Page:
If you thought chickens weren’t good at flying, then Might Games are here to prove you wrong with Shooty Skies – Endless Arcade Flyer. Coming from the minds behind Crossy Road, this endless take on the vertical-shooter is as visually slick as their previous game – even if it does lack originality and occasionally become visually confused.
The call of Coolthulu
Any gamer will instantly know how to play Shoot Skies. Placing your finger on the screen, you drag around your tiny plane, automatically blasting everything above you as the screen automatically scrolls upwards. If you need some tactics, there is even a charge shot, which builds power while your finger is off the screen – providing an good tradeoff between power and control. From there it’s retro fun all the way, with various power-ups adding to your ship’s power as you rip through your foes.
There is nothing too special in all this, but it’s the impact of the presentation that really makes Shooty Skies stand out. Crossy Road’s visual style is all over it, with the same bright, cartoon-like isometric designs springing from the screen and demanding to be played with.
The characters and enemies build on this. You can control Cats, Cows, even Coolthulus – no I didn’t make that up – that take to the sky to do battle with vending machines, arcade cabinets, and cat videos. Again, all true. Enemies attack with simple patterns, but as the numbers grow you must weave your way through the increasingly insane, boss-fight-punctuated action.
Battle the evil cat videos
The beauty is in the detail. Taking out an enemy near another sees them rocked by the shockwave, giving you precious moments to attack. Then there are the power-ups, which come in a multitude of flavors - including the pun-derful Gunny Rabbit who flies alongside you taking out all in its path. As if this wasn’t enough, characters come with their very own stunning backgrounds to fly over – from Crossy Chicken’s roads to Drippy the cow’s Wild-West landscape.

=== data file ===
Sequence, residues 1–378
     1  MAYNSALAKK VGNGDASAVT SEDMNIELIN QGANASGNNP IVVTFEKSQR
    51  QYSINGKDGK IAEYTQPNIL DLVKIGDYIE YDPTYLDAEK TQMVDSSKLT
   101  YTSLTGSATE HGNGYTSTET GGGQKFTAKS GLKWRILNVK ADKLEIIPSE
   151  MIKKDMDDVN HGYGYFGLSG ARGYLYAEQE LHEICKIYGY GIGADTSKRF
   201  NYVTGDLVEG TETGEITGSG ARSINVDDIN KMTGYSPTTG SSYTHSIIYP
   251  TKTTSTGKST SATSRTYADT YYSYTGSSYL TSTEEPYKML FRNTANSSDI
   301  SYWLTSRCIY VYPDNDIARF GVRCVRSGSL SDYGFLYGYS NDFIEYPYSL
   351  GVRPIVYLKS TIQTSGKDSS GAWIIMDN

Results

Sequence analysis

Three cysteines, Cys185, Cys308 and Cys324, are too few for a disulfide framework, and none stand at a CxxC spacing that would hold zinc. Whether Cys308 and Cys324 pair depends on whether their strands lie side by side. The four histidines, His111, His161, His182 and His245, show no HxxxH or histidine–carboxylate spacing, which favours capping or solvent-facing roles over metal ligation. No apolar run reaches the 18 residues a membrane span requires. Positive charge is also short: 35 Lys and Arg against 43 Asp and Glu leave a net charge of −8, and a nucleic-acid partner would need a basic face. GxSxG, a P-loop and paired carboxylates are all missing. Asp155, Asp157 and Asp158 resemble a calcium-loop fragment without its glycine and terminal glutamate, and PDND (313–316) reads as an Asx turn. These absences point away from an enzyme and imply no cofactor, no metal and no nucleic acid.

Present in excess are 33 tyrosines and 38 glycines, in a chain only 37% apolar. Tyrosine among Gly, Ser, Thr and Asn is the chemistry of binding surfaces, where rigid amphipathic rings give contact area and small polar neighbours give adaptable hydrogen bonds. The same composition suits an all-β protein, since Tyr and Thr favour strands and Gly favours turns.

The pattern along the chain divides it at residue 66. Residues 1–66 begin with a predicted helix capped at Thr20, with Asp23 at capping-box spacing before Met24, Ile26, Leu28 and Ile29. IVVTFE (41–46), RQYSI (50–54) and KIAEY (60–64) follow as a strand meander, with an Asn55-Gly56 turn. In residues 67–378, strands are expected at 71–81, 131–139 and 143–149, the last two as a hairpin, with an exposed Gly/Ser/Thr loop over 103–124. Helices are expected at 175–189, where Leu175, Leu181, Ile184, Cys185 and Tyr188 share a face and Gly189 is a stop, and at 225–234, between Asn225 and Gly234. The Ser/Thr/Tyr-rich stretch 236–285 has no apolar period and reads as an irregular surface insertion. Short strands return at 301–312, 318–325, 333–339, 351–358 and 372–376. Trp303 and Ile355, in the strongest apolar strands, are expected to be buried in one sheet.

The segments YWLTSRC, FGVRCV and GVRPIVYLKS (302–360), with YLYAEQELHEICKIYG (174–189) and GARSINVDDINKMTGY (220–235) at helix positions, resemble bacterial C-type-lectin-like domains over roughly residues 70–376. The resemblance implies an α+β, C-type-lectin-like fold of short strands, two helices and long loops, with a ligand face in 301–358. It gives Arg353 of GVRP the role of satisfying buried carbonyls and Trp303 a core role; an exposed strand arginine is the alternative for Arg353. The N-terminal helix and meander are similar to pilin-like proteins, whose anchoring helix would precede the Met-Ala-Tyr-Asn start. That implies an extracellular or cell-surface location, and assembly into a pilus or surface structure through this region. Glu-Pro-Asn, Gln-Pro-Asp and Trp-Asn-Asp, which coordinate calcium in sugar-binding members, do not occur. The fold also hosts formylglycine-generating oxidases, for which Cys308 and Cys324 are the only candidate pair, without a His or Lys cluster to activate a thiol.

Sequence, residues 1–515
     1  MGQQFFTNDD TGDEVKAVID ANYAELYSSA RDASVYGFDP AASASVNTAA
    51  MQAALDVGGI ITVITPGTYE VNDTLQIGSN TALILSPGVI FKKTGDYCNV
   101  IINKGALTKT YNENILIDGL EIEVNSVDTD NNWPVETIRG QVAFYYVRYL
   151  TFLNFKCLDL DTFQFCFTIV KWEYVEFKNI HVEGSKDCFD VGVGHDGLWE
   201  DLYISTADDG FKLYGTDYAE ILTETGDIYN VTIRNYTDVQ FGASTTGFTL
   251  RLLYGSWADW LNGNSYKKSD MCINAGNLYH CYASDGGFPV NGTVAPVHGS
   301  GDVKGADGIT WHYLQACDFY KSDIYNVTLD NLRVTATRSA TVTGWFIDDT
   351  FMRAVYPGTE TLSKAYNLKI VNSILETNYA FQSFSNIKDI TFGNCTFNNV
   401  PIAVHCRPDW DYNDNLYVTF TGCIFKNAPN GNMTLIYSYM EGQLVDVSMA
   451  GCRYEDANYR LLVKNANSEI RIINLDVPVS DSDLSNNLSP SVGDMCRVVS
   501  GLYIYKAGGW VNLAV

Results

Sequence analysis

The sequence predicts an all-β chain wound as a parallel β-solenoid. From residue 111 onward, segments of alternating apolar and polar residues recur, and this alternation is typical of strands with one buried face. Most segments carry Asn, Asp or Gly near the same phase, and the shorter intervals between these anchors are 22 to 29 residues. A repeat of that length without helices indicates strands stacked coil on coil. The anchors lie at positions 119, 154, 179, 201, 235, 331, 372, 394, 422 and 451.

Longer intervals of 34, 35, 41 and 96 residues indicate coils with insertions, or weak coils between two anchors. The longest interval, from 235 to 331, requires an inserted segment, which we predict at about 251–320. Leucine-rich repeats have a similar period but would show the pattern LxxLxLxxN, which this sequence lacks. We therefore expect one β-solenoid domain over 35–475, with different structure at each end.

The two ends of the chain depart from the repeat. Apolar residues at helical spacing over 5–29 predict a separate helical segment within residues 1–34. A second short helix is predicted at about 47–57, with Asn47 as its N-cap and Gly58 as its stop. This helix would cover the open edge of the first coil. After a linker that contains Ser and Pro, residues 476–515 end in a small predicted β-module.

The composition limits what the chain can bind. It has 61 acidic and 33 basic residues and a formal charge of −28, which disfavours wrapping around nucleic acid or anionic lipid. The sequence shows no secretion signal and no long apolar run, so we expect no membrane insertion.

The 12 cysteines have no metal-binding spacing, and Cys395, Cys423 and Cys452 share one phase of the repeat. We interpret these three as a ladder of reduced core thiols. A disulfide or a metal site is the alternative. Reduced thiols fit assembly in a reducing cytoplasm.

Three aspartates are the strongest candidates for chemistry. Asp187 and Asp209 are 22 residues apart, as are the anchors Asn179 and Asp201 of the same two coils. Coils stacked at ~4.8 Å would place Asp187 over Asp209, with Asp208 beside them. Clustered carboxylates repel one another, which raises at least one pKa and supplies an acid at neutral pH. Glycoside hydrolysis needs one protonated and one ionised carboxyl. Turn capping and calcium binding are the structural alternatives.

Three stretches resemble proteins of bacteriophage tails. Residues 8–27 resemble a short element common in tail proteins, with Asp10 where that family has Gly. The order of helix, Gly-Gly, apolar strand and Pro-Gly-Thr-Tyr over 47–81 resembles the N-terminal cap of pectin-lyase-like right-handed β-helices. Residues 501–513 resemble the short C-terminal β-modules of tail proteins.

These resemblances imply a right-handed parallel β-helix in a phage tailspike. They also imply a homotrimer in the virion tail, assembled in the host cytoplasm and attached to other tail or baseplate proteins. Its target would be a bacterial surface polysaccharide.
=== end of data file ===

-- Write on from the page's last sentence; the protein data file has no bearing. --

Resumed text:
While it is the visual design that sets Shooty Skies apart, it is also where cracks start to show. With so much going on, at times it can be hard to work out what is meant to help you and what is there to kill you. The isometric background sit at a different angle to the vertically scrolling motion to help a little with this, but they are so detailed and colorful they often only serve to further confuse. Plus - as with many shooters - you often find your own controlling digit obscuring the action.
Free-to-play done perfectly
Like Crossy Road before it, Shooty Skies is pitch perfect free-to-play game that never forces you to pay to enjoy its action, only to unlock extra characters. The controls and gameplay are incredibly tight, with fantastic designs and fun characters to keep you constantly entertained. Its only flaw comes from the fact that this detail can create confusion, leading to some unwarranted deaths – but this does nothing to diminish its fun.